The Butcher & Larder Ready To Open
By Anthony Todd in Food on Jan 13, 2011 5:00PM
The Butcher & Larder, the whole animal butcher shop created by the team behind the dear, departed Mado is just about ready to go. We got a sneak peek inside of January's most-anticipated opening yesterday and talked with Rob Levitt, the driving force behind the new temple of meat. We've been a big fan of Levitt's work for years, so it was exiting to meet him and talk about the new space - and trust us, it's going to be something special.
Butcher & Larder looks to be like no other butcher shop in Chicago. For one thing, there are no mile-long coolers displaying their glistening red wares to the customer. There is just one tiny cooler for charcuterie and daily features. "If a customer asks for a pork chop, we're going to ask 'How thick?' and go and cut it for them," Levitt told us. All meat will be custom cut, and nothing will be pre-wrapped, which means we might be able to find some of those odd cuts of beef that cookbooks are always telling us to use. The wonderful charcuterie we loved at Mado will be a large part of the store's offerings, and they will offer homemade bacon and sausages. Levitt even talked about selling home-cured hams for holiday dinners, once things are up and running.
Another distinguishing feature that will prove shocking to some but drool-worthy to others: all of the butchery will be done in the open. Butcher and Larder has no back rooms and no hidden spaces. There is a walk-in cooler for storage, but the main butchering space is a giant wooden table right behind the antique cash register. The meat slicer, meat grinder and sausage stuffer are all right in the open, and anyone who wants to get a look at Rob's technique (or the animals that they are eating parts of) will be able to look right in. Levitt acknowledged that this might be shocking, but reminded us that there will be no blood and guts - it's mostly cutting and sawing. Additionally. Levitt believes that it is important for customers to remember that they are eating real animals, not pre-packaged bits of protein.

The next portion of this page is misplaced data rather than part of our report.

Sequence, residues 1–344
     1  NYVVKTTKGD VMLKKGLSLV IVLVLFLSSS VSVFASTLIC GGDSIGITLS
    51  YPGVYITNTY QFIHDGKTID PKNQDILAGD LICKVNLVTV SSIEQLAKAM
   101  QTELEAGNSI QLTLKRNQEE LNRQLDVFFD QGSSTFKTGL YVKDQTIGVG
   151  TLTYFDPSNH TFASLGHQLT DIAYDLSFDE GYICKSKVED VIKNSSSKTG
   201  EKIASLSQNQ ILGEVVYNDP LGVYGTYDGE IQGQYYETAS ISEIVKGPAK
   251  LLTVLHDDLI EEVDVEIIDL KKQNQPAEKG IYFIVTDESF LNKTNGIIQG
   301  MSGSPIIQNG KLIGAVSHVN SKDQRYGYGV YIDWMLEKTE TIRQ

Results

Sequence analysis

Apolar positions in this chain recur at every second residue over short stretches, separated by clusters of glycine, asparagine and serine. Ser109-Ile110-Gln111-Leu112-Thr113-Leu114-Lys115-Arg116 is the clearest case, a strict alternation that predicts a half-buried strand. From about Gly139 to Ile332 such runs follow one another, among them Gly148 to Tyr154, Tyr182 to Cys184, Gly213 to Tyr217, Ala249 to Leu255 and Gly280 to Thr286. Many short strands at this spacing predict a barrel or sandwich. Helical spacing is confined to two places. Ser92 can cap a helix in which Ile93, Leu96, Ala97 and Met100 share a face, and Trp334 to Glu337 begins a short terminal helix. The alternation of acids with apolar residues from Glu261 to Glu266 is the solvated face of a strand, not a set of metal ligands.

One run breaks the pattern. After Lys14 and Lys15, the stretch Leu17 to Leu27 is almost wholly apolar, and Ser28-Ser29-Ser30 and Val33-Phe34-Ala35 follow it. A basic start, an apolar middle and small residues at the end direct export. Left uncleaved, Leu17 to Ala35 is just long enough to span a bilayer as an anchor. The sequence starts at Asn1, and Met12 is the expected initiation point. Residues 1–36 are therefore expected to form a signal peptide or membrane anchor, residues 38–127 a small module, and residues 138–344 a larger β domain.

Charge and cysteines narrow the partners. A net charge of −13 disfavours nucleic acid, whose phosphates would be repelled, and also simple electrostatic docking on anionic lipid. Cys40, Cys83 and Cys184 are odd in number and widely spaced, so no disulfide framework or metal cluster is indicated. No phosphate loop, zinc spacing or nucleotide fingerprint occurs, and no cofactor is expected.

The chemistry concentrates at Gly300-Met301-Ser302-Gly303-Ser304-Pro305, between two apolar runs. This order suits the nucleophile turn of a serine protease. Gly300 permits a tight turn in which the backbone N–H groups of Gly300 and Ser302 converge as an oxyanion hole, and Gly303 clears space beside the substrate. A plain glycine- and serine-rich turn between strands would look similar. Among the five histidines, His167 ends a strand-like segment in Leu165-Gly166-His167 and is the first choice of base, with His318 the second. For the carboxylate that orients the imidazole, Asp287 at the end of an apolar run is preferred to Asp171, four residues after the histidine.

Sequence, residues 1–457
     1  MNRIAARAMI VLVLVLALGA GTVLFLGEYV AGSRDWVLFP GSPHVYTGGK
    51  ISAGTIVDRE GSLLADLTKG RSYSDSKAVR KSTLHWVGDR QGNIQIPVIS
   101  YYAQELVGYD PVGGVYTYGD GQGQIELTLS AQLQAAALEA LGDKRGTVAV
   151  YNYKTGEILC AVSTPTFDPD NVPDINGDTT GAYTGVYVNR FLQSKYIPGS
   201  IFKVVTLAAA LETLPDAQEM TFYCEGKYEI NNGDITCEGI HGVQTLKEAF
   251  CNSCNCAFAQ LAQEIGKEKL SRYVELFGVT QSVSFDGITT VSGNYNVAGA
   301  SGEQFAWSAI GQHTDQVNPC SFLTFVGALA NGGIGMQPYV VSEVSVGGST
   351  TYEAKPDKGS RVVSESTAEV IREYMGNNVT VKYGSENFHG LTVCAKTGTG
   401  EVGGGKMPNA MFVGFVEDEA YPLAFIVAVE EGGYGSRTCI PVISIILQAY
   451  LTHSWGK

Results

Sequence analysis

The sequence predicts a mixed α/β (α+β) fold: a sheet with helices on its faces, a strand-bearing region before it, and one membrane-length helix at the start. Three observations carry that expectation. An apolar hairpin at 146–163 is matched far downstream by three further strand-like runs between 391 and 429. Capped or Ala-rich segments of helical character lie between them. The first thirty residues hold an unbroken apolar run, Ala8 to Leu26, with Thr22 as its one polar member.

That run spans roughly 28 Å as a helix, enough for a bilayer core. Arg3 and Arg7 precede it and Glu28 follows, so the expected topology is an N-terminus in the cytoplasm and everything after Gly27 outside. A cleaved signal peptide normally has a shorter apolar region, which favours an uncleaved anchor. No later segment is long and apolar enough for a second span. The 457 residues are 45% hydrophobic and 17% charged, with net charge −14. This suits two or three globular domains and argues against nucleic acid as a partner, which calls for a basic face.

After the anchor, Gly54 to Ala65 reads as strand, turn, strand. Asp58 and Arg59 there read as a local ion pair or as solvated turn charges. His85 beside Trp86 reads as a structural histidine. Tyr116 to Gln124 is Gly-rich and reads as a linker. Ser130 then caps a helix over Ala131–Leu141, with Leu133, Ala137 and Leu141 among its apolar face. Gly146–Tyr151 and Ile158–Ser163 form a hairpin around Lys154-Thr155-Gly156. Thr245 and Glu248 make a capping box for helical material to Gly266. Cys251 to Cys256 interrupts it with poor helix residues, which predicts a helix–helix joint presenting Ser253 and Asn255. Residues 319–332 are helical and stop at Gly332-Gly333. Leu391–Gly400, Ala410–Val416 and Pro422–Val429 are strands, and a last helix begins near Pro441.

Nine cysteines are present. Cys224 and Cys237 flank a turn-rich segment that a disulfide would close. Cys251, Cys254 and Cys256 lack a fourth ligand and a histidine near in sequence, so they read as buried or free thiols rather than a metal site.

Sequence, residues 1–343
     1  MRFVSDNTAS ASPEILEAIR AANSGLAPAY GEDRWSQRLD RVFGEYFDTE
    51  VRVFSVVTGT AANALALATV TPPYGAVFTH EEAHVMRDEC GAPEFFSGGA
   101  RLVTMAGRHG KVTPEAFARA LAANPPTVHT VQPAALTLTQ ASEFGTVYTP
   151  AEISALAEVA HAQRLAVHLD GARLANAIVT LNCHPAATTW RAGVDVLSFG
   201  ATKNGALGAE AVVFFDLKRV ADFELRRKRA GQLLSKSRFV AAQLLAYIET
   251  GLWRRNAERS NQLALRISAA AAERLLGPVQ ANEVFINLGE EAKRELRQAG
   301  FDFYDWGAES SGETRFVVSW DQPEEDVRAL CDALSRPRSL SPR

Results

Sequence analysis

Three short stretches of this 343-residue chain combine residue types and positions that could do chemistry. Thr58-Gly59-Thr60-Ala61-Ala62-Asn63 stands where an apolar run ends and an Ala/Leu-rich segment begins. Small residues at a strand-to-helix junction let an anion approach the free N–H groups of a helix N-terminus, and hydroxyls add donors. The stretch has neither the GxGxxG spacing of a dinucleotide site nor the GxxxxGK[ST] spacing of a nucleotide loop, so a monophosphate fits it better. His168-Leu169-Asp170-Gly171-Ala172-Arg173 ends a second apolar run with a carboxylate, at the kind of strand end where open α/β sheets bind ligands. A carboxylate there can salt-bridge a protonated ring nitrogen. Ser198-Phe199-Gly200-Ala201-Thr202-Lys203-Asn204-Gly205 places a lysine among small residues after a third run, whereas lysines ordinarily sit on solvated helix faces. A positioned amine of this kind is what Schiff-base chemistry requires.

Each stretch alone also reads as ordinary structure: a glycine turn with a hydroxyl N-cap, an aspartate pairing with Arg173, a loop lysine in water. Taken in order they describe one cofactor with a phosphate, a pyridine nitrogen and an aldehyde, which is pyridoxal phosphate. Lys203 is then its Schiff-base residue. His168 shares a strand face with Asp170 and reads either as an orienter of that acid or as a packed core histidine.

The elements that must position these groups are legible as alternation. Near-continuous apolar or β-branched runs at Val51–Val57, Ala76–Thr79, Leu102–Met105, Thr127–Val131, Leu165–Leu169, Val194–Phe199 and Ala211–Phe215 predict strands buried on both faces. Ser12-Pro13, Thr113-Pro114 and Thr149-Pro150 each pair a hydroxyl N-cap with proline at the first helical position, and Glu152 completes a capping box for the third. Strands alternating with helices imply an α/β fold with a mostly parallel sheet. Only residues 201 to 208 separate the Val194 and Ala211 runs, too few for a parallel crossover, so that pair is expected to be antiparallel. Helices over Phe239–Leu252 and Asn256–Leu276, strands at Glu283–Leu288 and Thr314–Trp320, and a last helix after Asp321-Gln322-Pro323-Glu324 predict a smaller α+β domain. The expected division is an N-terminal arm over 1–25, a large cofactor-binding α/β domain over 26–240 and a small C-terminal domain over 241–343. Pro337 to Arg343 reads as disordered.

The shop will offer some bits and pieces besides meat. Some of Allison Levitt's wonderful pastries will be available, the shop will serve coffee (the machine was being assembled during our visit) and they will offer a couple of sandwiches each day. But remember, Levitt cautions, that this is a store, not a restaurant. "Some people have written about us like we're going to be a BYOB cafe," Levitt remarked. "There will be two sandwiches, one hot and one cold. And if someone wants to BYOB, they had better leave some for me!" Butcher & Larder will host some special dinners, but the space is primarily meant for retail.
According to Levitt, the health inspectors have approved the shop and the only thing remaining is the official city license. "Our lawyer is going to check on things tomorrow," Rob told us, so hopefully we will have some news soon. We will let you know when the shop opens - you can join us in line.
The Butcher and Larder is located at 1026 North Milwaukee Avenue.